Hostile Work Environment Claim Made Against Council Members Over Animal Shelter Attacks; Community Leaders Defend Shelter Against Despicable Township Council Attacks
Mayor Kelly Yaede is outraged and appalled by the political stunt that Council Members Martin, Carabelli and Tighe have waged regarding the Hamilton Township Animal Shelter. And leading up to next week’s public meeting (which will be held onTuesday, July 17, 2018, at 6:30 PM at Nottingham Firehouse (Ballroom), community leaders are beginning to come forward to defend the reputation of the shelter employees that the Council Members have publicly called ‘killers of innocent animals.’
Due to the public attack waged against the Animal Shelter by Council Members Martin, Carabelli and Tighe, one Hamilton Township Shelter Employee has filed a Notice of Claim against the three elected officials for what the employee believes has created a ‘Hostile work environment.’
“Council Members Martin, Carabelli and Tighe are using helpless shelter pets as their ‘political pawns’ and are personally attacking our compassionate animal shelter staff by calling them ‘killers of innocent animals.’ Their politically-motivated accusations are absolutely reprehensible. For sitting Council Members to make such vile and despicable claims about our public employees – characterizing them as heartless and callous ‘killers’ – is beyond the pale,” says Mayor Kelly Yaede. “We are now beginning to see respected community leaders coming forward to defend the reputation of our shelter staff. I am once again calling for Council Members Martin, Carabelli and Tighue to publicly apologize for calling our dedicated, animal-loving employees ‘killers.’ If they refuse to apologize, it should illustrate to every Hamiltonian how low they will stoop for political purposes.”
Not Every Council Member Agrees with Unjustified Attack
Not every member of Council agrees with the attack against the Animal Shelter employees. Councilman Ralph Mastrangelo disagrees with what his colleagues are doing:
“As a former public employee (Police Officer), I whole-heartedly opposed these unjustified attacks against our shelter employees, who should not be made political targets. What message does this send to our other public employees when sitting Council Members seek to vilify fellow employees as ‘animal killers’?,” asks Councilman Mastrangelo. “I also think my colleagues attacks are hypocritically, when just weeks ago, these same Council Members held budget hearings and approved the very Animal Shelter budget that they are now criticizing.”
What Some Prominent Community Leaders Have to Say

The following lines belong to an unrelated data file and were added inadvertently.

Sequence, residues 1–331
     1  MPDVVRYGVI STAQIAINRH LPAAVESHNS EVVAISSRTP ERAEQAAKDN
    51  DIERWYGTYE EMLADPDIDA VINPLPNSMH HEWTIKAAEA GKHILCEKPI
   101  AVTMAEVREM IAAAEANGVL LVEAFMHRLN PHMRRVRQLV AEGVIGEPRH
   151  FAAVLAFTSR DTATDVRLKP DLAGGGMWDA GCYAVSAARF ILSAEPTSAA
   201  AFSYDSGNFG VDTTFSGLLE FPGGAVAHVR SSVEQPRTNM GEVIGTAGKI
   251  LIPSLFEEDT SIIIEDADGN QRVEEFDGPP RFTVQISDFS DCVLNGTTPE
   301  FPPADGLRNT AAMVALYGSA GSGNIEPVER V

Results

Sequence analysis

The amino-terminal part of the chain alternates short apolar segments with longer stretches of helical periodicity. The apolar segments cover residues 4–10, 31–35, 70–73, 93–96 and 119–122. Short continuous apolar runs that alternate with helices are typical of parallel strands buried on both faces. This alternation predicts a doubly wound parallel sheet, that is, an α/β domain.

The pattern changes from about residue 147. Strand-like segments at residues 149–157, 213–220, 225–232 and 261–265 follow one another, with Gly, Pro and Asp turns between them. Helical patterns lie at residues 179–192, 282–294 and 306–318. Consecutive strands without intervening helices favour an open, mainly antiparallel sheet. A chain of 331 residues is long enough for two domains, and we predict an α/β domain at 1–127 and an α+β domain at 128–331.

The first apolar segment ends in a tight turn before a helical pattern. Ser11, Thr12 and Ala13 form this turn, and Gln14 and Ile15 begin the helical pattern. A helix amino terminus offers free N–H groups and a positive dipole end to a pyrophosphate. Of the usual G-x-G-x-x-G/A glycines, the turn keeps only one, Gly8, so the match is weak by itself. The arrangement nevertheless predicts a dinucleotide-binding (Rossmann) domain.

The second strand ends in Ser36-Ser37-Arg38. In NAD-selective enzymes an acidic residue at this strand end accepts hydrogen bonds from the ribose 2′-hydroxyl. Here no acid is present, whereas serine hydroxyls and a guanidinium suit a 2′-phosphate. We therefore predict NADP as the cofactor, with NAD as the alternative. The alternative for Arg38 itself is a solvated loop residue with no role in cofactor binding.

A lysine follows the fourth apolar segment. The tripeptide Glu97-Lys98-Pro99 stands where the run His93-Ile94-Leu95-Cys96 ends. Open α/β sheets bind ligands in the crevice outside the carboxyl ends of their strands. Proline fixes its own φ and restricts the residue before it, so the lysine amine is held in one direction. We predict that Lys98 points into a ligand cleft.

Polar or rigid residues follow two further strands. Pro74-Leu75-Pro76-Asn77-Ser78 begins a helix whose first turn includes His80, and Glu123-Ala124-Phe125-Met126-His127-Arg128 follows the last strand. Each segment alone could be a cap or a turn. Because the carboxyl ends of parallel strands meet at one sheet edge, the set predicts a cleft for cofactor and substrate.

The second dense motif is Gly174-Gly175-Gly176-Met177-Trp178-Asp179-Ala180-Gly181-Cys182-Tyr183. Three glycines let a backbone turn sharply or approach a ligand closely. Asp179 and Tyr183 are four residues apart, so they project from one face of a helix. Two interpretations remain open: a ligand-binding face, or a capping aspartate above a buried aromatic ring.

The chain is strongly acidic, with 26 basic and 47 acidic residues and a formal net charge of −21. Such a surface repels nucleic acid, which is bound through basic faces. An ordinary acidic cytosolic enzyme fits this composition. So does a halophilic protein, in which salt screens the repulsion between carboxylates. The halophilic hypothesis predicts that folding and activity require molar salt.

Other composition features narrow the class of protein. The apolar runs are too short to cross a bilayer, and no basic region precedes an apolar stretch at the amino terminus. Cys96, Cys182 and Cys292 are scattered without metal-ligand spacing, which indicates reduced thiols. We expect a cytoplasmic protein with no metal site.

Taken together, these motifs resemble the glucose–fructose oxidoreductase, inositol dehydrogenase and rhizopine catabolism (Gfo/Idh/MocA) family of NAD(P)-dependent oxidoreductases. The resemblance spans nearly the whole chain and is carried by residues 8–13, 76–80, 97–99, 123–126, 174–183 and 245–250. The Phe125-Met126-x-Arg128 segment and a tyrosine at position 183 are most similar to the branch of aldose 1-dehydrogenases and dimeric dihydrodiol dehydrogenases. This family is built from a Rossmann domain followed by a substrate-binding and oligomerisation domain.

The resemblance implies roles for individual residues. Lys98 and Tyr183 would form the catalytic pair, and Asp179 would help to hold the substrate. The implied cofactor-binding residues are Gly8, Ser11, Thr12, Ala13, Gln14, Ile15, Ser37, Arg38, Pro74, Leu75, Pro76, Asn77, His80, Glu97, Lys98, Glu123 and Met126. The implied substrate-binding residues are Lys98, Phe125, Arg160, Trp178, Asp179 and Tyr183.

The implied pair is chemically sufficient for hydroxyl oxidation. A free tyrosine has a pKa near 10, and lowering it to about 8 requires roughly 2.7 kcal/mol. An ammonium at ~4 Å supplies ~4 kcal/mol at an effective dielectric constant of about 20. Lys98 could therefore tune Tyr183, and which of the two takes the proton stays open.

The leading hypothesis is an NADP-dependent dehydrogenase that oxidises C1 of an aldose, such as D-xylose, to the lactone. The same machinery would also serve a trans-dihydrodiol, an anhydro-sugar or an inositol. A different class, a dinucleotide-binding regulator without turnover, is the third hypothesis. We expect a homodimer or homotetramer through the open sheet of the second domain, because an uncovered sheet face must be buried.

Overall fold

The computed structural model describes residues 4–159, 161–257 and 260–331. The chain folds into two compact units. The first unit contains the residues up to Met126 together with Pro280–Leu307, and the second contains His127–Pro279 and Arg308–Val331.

William J. Carter, D.V.M., M.P.H.
Mercerville Animal Hospital
For decades, the well-respected Carter family and Mercerville Animal Hospital has worked with the Hamilton Township Animal Shelter. Next week, Dr. Carter plans to speak at the Township Council Meeting. But his sentiments underscore the true reputation of Hamilton’s Animal Shelter employees:
“…it can be emphatically stated that the Hamilton Twp. Animal Shelter and staff plus veterinarians have devoted their time to always promote the fair treatment of dog, cats and all of God’s other animals encountered in the past and to my knowledge that would include rabbits, raccoons, possums, groundhogs, deer, etc.,” says Dr. William J. Carter.
“The [Hamilton Township] shelter also promotes humane treatment for terminally ill rescues and abandoned pets to lessen the suffering. At times euthanasia is the last resort given and at times it’s heartbreaking to put an animal down knowing that it was the right decision for all involved.”
“There are also some [animals] that are not adoptable due to being declared vicious as a detriment to health and welfare of people and other animals. Many of these are declared vicious by the courts under state statutes and laws and euthanasia is the decision rendered by the courts.”
Animal Friends for Education and Welfare (A.F.E.W.)
President Marylin Hondorp
A.F.E.W. was established in 1993; and has actively worked with the Hamilton Animal Shelter for almost 18 years. Hondorp also plans to attend next week’s meeting. President Marlyn Hondorp describes how closely they have worked with Hamilton’s dedicated shelter employees for the betterment of animals.
“AFEW volunteers are at the shelter every day, walking the dogs and exercising them increasing their chances of being adopted,” explains Hondorp.
“The shelter staff is comfortable with reaching out to AFEW if they feel one of the shelter animals is not adjusting to shelter life and needs a foster home, or if a shelter animal has a special medical condition that goes beyond their capability to care for. They [Animal Shelter staff] reached out to us for help with Parvo dogs that cannot go into the shelter system without contaminating others.”
Corporal Matt Payne
New Jersey Society for the Prevention of Cruelty to Animals (NJSPCA)
In 2017, Corporal Matt Payne the New Jersey Society for the Prevention of Cruelty to Animals (NJSPCA) performed a welfare check at the Hamilton Animal Shelter, which was publicized at the time. Payne’s report highlighted the quality conditions of Hamilton’s Shelter, which is maintained by its Animal Shelter employees:
“The facility was very clean, there was no waste in any of the kennels, the animals appeared to be in good health, had water/food, and were well cared for,” reported Payne.
“The shelter has multiple intake rooms, a sick quarantine room, and a vet that sees the animals. As mentioned there were no animals that appeared sick, the shelter was not overcrowded and was very clean.”